The assembly of FIG. 9 provides half the three-phase bridge rectifier shown schematically as FIG. 9a. The cap 76 of FIG. 9 is the positive terminal 76a of the rectifier of FIG. 9a. The rectifiers mounted within arms 70, 72 and 74- of FIG. 9 are represented by rectifiers 7011, 77m and 74a of FIG. 9a. The covers 78, 8t and 82 on 4 the arms of FIG. 9 provide the alternating current terminals 78a, 80a, and 82a of FIG. 90. Two of the rectifier assemblies as shown in FIG. 9 would be required to provide the bridge rectifier shown as FIG. 9a.

While there have been shown and described what are at present considered to be the preferred embodiments of the invention, modifications thereto will readily occur to those skilled in the art. It is not desired, therefore, that the invention be limited to the specific arrangement shown and described and it is intended to cover in the appended claims all such modifications as fall within the true spirit and scope of the invention.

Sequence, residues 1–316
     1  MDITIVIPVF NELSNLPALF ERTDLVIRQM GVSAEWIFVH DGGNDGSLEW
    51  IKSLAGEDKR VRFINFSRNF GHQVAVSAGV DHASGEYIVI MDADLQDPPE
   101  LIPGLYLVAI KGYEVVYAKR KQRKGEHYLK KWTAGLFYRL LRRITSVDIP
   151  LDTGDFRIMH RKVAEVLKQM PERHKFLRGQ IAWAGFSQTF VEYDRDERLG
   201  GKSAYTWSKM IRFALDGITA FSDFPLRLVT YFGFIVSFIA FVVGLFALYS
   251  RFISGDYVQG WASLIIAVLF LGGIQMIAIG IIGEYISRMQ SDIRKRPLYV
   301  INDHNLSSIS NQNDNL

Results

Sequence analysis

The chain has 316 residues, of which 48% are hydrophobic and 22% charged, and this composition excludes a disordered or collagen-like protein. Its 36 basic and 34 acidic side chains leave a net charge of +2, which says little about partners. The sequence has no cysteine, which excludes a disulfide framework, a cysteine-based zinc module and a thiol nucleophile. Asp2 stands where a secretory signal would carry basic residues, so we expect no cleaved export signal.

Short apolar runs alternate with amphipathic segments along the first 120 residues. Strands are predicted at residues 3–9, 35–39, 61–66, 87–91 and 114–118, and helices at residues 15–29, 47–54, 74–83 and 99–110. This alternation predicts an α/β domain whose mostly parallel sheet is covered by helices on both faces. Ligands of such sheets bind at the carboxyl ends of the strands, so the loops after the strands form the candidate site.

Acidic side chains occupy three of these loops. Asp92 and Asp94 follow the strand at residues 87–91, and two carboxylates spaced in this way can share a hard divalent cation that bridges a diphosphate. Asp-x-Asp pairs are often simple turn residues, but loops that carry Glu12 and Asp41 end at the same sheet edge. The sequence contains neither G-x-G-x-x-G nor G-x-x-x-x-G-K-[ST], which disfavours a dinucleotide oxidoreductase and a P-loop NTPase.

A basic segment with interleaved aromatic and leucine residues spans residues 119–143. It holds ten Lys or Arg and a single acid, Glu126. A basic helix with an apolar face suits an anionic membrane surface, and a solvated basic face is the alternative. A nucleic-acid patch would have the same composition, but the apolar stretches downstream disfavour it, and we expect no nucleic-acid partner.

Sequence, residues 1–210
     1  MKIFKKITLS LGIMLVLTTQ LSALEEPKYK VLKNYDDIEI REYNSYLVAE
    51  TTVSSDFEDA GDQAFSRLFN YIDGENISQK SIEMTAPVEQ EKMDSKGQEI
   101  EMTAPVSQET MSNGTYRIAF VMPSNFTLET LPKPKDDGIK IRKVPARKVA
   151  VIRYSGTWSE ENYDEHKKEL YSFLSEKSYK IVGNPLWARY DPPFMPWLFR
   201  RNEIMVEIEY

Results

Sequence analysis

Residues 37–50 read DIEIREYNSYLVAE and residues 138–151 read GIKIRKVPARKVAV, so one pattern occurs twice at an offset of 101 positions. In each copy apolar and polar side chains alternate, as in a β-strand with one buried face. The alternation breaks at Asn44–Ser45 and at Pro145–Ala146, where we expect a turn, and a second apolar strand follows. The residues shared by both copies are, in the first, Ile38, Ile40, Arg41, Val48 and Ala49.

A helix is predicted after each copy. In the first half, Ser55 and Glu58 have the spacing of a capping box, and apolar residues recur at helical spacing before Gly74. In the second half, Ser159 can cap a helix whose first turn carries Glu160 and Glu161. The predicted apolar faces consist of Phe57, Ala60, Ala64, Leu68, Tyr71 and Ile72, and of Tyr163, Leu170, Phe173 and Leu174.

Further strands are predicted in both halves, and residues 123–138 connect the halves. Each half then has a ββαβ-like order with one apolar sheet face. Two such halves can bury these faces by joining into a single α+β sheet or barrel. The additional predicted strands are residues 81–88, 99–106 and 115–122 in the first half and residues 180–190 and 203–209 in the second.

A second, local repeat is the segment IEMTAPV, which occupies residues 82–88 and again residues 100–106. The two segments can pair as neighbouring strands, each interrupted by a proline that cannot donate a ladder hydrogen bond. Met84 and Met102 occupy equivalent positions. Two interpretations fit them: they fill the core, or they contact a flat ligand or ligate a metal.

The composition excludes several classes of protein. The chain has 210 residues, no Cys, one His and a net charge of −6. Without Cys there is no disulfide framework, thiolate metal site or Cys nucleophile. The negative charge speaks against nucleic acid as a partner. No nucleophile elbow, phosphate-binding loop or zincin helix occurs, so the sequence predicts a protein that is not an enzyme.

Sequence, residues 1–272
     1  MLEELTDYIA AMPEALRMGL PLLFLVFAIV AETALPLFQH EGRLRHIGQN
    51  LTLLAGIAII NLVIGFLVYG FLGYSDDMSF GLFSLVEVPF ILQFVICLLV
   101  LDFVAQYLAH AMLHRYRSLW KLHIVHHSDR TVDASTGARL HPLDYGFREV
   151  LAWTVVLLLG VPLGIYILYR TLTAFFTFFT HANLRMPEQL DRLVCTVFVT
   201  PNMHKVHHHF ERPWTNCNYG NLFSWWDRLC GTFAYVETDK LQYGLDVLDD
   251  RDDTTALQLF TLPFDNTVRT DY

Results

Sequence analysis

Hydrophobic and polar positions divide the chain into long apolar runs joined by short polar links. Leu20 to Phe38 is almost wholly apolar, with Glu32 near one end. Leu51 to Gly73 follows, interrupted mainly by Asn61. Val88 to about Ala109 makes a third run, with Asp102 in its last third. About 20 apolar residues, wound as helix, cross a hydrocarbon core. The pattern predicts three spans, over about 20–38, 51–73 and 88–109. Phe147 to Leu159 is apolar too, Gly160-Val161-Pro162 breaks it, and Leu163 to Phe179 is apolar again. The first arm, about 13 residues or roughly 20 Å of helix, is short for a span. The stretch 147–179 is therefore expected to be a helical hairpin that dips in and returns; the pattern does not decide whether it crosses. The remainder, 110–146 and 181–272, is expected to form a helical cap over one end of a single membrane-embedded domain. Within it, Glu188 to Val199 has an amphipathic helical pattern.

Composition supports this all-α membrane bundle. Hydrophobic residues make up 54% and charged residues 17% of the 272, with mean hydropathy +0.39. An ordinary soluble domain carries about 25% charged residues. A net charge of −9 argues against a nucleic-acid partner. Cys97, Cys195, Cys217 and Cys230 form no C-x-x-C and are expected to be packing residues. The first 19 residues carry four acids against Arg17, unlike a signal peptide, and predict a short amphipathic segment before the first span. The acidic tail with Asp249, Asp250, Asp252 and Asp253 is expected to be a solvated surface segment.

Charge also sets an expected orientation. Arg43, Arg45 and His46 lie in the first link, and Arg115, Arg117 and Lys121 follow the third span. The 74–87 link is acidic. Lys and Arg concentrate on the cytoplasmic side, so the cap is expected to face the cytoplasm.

I claim as my invention:

1. A high voltage rectifier assembly comprising an insulating support member, a substantially dome-shaped electrically conductive member disposed on said insulating support member, means for mounting at least two hollow cylindrical arms in divergent relationship with each other on said electrically conductive member, said arms having rectifier means disposed therein, electrostatic shielding means disposed around the outer periphery of said arms, electrically conductive means disposed on the free ends of said arms, said rectifier means being connected in circuit relation with said dome-shaped electrically conductive member and said electrically conductive means, and means for force-cooling said rectifier means.